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APPLICATION OF KOHLER THEORY: MODELING CLOUD CONDENSATION NUCLEI ACTIVITY. Gavin Cornwell, Katherine Nadler, Alex Nguyen, and Steven Schill. Overview. Introduction Model description and derivation Sensitivity experiments and model results Discussion and conclusions. H 2 O.

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application of kohler theory modeling cloud condensation nuclei activity

APPLICATION OF KOHLER THEORY: MODELING CLOUD CONDENSATION NUCLEI ACTIVITY

Gavin Cornwell, Katherine Nadler, Alex Nguyen, and Steven Schill

overview
Overview
  • Introduction
  • Model description and derivation
  • Sensitivity experiments and model results
  • Discussion and conclusions
atmospheric aerosol processes

H2O

Atmospheric aerosol processes

reaction

activation

coagulation

condensation

evaporation

slide4

Climate effects

Direct Effect

Indirect Effect

  • Factors
    • Composition
    • Phase
    • Size

+ H2O

Earth’s Surface

cloud particle size
Cloud particle size

Large particle droplets

Small particle droplets

http://terra.nasa.gov/FactSheets/Aerosols/

k hler theory
κ-Kӧhler Theory

Pettersand Kreidenweis (2007) Atmos. Chem. Phys. 7, 1961

overview1
Overview
  • Introduction
  • Model description and derivation
  • Sensitivity experiments and model results
  • Discussion and conclusions
k hler theory1
Kӧhler Theory
  • Kelvin Effect
    • Size effect on vapor pressure
    • Decreases with increasing droplet size
  • Raoult Effect
    • Effect of dissolved materials on dissolved materials on vapor pressure
    • Less pronounced with size
model scenario
Model Scenario
  • Particle with soluble and insoluble components
model
Model
  • MATLAB
  • Inputs
    • Total mass of particle
    • Mass fraction of soluble material
    • Chemical composition of soluble/insoluble components
  • Calculate S for a range of wet radii using modified Kӧhler equation
assumptions
Assumptions
  • Soluble compound is perfectly soluble and disassociates completely
  • Insoluble compound is perfectly insoluble and does not interact with water or solute
  • No internal mixing of soluble and insoluble
  • Particle and particle components are spheres
  • Surface tension of water is constant
  • Temperature is constant at 273 K (0°C)
  • Ignore thermodynamic energy transformations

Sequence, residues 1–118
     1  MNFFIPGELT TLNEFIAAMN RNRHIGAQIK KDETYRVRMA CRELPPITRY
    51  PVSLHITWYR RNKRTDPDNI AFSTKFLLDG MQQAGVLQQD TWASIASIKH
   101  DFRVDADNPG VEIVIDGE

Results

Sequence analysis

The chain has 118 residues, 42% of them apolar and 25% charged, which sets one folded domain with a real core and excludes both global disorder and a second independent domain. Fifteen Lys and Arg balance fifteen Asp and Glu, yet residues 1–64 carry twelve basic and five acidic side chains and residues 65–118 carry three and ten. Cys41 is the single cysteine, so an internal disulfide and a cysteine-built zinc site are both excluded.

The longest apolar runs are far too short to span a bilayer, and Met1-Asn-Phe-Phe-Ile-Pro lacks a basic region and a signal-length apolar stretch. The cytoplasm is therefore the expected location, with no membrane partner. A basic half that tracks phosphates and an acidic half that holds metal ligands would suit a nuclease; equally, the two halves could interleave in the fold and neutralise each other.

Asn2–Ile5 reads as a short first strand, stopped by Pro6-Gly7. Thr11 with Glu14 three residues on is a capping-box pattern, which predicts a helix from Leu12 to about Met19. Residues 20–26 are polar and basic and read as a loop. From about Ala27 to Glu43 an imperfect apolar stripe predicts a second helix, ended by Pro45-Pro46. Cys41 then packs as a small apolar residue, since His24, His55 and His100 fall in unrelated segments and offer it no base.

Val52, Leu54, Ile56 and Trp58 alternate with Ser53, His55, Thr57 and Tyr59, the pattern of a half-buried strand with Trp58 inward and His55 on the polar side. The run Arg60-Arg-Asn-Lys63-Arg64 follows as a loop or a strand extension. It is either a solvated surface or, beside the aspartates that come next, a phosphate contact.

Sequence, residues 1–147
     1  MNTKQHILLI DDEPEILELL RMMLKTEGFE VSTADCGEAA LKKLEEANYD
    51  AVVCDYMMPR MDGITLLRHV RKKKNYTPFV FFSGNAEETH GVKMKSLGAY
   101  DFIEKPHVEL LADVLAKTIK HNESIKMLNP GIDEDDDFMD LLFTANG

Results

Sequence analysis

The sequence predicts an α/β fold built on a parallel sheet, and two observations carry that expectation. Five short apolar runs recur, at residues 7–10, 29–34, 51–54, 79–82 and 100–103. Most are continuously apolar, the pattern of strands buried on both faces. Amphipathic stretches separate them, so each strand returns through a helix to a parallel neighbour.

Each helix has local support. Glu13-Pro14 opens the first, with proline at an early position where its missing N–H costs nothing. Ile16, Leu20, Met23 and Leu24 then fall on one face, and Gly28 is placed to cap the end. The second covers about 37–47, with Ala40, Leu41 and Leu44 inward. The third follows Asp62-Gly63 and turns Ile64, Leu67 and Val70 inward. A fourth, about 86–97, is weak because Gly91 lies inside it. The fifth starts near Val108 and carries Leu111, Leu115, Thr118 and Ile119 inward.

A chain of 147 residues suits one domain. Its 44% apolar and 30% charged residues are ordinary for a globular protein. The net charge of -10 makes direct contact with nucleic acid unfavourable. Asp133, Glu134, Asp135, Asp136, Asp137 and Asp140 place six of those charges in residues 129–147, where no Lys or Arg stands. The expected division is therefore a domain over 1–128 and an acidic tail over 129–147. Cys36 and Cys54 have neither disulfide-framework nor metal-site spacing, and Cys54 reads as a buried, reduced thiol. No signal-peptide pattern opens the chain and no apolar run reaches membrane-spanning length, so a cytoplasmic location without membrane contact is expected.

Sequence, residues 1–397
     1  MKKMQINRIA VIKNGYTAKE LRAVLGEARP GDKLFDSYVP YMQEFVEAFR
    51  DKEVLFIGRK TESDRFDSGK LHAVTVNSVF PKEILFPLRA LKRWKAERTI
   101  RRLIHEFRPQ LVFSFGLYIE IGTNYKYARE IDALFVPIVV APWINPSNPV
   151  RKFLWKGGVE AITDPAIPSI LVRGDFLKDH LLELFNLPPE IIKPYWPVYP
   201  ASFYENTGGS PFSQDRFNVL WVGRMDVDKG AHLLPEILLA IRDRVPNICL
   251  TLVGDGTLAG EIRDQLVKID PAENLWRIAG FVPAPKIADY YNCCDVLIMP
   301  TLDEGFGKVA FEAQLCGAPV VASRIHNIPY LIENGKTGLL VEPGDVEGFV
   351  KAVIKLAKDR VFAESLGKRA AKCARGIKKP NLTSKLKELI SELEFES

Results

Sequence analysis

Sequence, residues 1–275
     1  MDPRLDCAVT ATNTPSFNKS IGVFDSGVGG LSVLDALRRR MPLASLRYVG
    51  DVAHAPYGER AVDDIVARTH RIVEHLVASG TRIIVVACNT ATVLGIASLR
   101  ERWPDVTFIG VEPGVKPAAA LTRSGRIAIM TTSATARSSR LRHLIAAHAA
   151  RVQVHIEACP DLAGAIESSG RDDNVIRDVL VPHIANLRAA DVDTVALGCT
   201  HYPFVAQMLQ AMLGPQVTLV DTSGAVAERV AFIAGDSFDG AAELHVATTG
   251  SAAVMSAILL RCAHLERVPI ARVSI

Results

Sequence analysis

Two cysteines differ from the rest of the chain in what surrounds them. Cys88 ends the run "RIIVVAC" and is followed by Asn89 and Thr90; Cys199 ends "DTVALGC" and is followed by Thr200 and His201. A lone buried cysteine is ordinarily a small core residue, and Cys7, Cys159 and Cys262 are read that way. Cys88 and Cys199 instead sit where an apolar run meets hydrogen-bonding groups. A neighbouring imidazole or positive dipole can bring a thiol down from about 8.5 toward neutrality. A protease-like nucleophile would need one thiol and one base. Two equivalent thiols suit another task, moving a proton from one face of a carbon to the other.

raoult effect
Raoult Effect
  • i is the Van’t Hoff factor
  • Vapor pressure lowered by number of ions in solution

Curry & Webster equation 4.48

raoult effect cont
Raoult Effect (cont.)

n = m/M m = (V*ρ)

raoult effect cont1
Raoult Effect (cont.)
  • Vsphere = 4πr3/3
  • Calculated ri from (Vi=mi/ρi)
  • Solute has negligible contribution to total volume
modified k hler equation
Modified Kӧhler Equation
  • Combine with Kelvin effect
model weaknesses
Model Weaknesses
  • No consideration of partial solubility
  • Neglects variations in surface tension
  • More comprehensive models have since been developed (κ-Kӧhler) but our model still explains CCN trends for size and solubility
overview2
Overview
  • Introduction
  • Model description and derivation
  • Sensitivity experiments and model results
  • Discussion and conclusions
mass dependence test
Mass dependence test

C6H14

NaCl

  • constant mass fraction of soluble/insoluble
  • insoluble component takes up volume, but does not contribute to activation
  • total mass = 10-21 – 10-19 kg
slide20

Mass dependence test

More massive particles have larger r* and lower S*

mass fraction dependence
Mass fraction dependence
  • constant total mass
  • vary fraction of soluble component

NaCl

C6H14

mass fraction dependence1
Mass fraction dependence

Greater soluble component fraction have larger r* and lower S*

chemical composition dependence
Chemical composition dependence
  • constant total mass
  • vary both χs and i to determine magnitude of change for mixed phase and completely soluble nuclei

i= 2 NaCl 58.44 g/mol

4FeCl3162.2 g/mol

chemical composition dependence1
Chemical composition dependence

Larger van’t Hoff factor have smaller r* and higher S* for each soluble mass fraction

overview3
Overview
  • Introduction
  • Model description and derivation
  • Sensitivity experiments and model results
  • Discussion and conclusions
discussion of modeled results
Discussion of Modeled Results
  • Sensitivity factors
    • Total mass
    • Fraction of soluble
    • Identity of soluble

Impact on SScrit

implications
Implications
  • Mixed phase aerosols are more common, models that incorporate insoluble components are important
  • Classical Köhler theory does not take into account insoluble components and underestimates critical supersaturation and overestimates critical radius
conclusion
Conclusion
  • The Köhlerequation was modified to account for the presence of insoluble components
  • While the model is incomplete, the results suggest that as fraction of insoluble component increases, critical supersaturation increases
  • More complete models exist, such as the κ-Köhler
references
References

[1] Ward and Kreidenweis (2010) Atmos. Chem. Phys. 10, 5435.

[2] Petters and Kreidenweis (2007) Atmos. Chem. Phys. 7, 1961.

[3] Kim et. al. (2011) Atmos. Chem. Phys. 11, 12627.

[4] Moore et. al. (2012) Environ. Sci. Tech. 46 (6), 3093.

[5] Bougiatioti et. al. (2011) Atmos. Chem. Phys. 11, 8791.

[6] Burkart et. al. (2012) Atmos. Environ. 54, 583.

[7] Irwin et. al. (2010) Atmos. Chem. Phys. 10, 11737.

[8] Curry and Webster (1999) Thermodynamics of Atmospheres and Oceans.

[9] Seinfeld and Pandis (1998) Atmospheric Chemistry and Physics.

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